The end of May marked 50 years since St. Thomas Seminary in Louisville closed. The minor seminary, which included a high school and junior college, prepared boys for major seminary, where formation for the priesthood would be completed.
Father Joseph Graffis, a senior priest in the Archdiocese of Louisville, graduated from St. Thomas in 1965. Fifty years later, he recalls how the seminary influenced him.
Father Graffis described St. Thomas as a “military” school because of the stern discipline carried out under the guidance of Sulpician priests. Students were up at 6 a.m. every morning and had to be ready in 20 minutes and in the chapel for prayer, he said.
“The discipline was extremely difficult at that time. You had rules and regulations and if you didn’t follow them you got kicked out pretty quick, which all of that seems strange today, but I think most of us realized we got a great education,” said Father Graffis in a recent interview.
St. Thomas opened in 1952 on 300 acres of farmland off Brownsboro Road, where The Woods of St. Thomas subdivision now sits. St. Thomas educated hundreds of young men in its 18-year history. According to historical information from the archdiocese, at its peak in 1961, the seminary had 240 students in high school and 52 students in junior college.
Father Graffis remembers entering the seminary in 1959 with a large class. He noted that he was one of 16 seminarians from Our Lady of Lourdes Church to enter the seminary.
Over the years, however, enrollment fell as the cost of educating students soared, causing St. Thomas to close in May of 1970, The Record reported at the time. Its 15th high school class graduated on May 23 of that year.
St. Thomas drew many “bright” students from all over the city and rural areas, said Father Graffis. Among its graduates is Bishop William Medley of the Diocese of Owensboro, Ky.
The discipline — though he wouldn’t encourage it today — helped to form him, said Father Graffis.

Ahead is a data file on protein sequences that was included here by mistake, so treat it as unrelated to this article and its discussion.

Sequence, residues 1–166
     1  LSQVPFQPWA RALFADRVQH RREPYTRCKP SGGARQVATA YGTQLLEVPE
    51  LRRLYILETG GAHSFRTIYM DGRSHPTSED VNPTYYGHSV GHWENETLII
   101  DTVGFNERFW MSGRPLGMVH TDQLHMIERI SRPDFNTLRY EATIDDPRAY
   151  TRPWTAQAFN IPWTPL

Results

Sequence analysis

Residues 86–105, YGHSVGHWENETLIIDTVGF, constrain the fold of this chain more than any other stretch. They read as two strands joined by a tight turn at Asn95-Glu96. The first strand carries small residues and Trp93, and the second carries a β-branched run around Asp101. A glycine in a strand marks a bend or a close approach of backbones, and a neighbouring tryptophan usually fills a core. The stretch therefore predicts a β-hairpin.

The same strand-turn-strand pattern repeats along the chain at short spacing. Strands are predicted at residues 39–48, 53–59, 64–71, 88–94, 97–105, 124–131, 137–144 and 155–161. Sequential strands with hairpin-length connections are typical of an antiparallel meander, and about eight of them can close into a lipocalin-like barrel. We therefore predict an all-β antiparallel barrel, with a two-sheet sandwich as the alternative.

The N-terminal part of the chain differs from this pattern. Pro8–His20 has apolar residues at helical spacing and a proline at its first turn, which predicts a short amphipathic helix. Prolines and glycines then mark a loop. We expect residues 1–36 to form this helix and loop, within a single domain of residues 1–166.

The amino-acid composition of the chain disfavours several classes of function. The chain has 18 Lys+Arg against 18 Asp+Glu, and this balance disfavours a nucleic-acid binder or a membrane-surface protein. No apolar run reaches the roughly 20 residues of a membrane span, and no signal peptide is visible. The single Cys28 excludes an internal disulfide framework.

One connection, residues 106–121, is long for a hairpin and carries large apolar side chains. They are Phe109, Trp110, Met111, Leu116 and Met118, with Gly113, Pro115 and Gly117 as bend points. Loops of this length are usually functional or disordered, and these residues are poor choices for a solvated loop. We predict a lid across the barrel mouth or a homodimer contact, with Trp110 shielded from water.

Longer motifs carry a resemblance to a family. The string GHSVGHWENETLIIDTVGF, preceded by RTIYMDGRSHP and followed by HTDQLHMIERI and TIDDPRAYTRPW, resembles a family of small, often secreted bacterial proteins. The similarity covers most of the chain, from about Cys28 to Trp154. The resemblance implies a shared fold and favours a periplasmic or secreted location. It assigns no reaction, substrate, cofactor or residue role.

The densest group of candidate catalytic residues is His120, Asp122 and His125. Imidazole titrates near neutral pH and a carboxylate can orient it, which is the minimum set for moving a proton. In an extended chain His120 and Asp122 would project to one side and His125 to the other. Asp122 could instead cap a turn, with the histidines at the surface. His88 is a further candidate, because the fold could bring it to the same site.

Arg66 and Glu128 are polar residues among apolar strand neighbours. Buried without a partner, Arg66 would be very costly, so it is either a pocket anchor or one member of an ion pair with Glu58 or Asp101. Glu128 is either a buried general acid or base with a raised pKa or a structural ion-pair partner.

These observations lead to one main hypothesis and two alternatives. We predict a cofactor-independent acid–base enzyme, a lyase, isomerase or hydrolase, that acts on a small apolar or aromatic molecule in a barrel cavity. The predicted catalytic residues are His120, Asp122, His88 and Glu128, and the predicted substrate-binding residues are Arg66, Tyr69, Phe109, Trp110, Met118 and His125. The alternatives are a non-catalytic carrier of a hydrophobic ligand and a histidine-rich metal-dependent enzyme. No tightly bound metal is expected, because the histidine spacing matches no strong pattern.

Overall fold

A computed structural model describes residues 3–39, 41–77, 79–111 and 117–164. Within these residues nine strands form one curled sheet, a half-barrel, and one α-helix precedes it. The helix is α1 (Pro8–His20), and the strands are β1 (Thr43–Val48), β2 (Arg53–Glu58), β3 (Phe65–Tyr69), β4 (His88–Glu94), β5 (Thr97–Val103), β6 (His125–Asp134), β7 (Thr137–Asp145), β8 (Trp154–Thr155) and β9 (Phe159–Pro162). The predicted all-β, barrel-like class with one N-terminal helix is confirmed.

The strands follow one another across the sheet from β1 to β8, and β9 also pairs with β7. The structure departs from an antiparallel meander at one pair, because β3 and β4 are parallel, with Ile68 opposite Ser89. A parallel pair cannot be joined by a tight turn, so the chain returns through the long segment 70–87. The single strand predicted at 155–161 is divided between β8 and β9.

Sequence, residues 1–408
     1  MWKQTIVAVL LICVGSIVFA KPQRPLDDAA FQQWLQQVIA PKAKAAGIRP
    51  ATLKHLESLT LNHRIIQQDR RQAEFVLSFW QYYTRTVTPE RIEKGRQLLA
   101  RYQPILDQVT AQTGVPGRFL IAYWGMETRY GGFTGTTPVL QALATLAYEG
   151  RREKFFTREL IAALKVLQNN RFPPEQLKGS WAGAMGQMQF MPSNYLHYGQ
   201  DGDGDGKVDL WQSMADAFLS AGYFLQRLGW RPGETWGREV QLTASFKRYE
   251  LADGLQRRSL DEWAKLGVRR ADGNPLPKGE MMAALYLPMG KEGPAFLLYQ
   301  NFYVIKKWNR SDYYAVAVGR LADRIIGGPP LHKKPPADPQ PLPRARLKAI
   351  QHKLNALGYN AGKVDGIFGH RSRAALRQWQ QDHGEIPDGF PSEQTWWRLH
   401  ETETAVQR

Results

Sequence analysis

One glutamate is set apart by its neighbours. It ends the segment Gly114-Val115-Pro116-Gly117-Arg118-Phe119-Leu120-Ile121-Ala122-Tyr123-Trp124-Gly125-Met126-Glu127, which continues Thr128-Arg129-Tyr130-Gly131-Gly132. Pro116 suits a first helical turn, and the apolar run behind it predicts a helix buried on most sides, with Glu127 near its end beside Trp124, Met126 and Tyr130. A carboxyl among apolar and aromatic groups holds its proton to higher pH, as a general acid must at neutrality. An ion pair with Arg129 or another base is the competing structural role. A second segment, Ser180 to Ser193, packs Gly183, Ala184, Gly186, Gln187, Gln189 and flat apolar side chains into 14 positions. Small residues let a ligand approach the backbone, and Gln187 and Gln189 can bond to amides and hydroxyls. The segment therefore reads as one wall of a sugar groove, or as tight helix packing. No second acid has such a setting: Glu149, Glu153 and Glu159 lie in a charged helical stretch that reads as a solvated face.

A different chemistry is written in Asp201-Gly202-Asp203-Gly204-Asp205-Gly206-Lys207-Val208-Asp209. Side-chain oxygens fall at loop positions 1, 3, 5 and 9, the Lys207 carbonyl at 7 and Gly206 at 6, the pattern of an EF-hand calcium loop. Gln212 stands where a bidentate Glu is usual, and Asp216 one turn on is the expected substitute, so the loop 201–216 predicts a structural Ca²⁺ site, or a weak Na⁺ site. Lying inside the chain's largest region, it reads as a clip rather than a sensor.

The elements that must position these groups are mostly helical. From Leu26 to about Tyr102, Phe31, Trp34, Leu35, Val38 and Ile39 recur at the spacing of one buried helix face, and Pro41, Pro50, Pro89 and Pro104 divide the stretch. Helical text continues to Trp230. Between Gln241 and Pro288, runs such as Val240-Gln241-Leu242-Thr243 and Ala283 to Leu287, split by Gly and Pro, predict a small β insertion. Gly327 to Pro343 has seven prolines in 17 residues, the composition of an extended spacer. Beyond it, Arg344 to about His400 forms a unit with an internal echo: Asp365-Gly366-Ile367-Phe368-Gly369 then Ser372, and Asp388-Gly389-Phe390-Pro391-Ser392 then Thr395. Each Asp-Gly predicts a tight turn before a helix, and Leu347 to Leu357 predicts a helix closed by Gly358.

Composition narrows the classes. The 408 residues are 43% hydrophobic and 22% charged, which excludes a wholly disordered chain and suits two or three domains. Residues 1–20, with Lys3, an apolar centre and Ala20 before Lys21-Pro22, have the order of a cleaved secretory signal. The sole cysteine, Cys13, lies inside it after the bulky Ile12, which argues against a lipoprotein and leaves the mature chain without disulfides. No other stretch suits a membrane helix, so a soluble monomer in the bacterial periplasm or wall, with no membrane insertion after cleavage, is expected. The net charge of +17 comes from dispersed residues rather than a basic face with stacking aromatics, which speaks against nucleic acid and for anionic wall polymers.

“I learned a lot of life skills on how to discipline yourself and be a good student. There were many bright students and they pushed us very hard. You had a real drive for education and knowing as much as possible,” said Father Graffis.
Classwork included the study of Latin, French and Greek. Spiritual formation was also part of the discipline. The Sulpician fathers, he said, helped the students focus on their prayer life.
“We learned a lot of good habits in prayer. They helped us focus as young adolescents on prayer,” he said.
Other than their studies and the occasional walk to Lyndon, the students also competed in sports, he said. His closest friendships were made on the field. Some of those friendships endured to adulthood and he even had the opportunity to celebrate the funeral Masses of two such friends, Father Graffis said.
It was considered an honor to be chosen as a sacristan or a “master of ceremony,” a student who coordinated and trained altar servers. Father Graffis’ duties as master of ceremonies helped him to learn about the liturgy and understand the Eucharist, he said.
From the isolation of the seminary, the young men at St. Thomas also witnessed “world-shaking events” — such as the Cuban missile Crisis in October of 1962 and the assassination of President John F. Kennedy in November of 1963.
“I remember going to the chapel and praying during the Cuban Missile Crisis,” said Father Graffis. The day President Kennedy was shot, one of the students had gone to the recreation room and saw the news on television. He returned to the classroom and told his classmates.
“When our teacher came in he was upset that we were so rowdy. He gave us a Latin quiz to calm us down,” Father Graffis recalled.
A short time after, they were all called into the chapel where the whole school was informed of the president’s death. “Our teacher said to us, ‘tear up the exam.’ ”
Father Graffis also remembers St. Thomas enrolling the first two African American students in the 1960s. The students were outgoing and seemed to fit in well with their white peers, but looking back he said, “We had no idea how scared to death they were being in an all-white school and we were so naïve in terms of what they experienced in their lives,” said Father Graffis.
After graduating from St. Thomas in 1965, Father Graffis attended St. Mary Seminary in Baltimore, Md. He was ordained in 1971.
Some of the graduates of St. Thomas who didn’t go on to major seminaries went on to become leaders in the community, Father Graffis added.
Some of the graduates have stayed in contact over the years. Twelve years ago some started a Yahoo group called the Lost Boys of St. Thomas Seminary, said Joe Griffey, who graduated from the seminary in 1962.
Griffey said the group has 122 members who use the platform as a way of sharing humor, reminiscing about their seminary days and even having some theological discussions.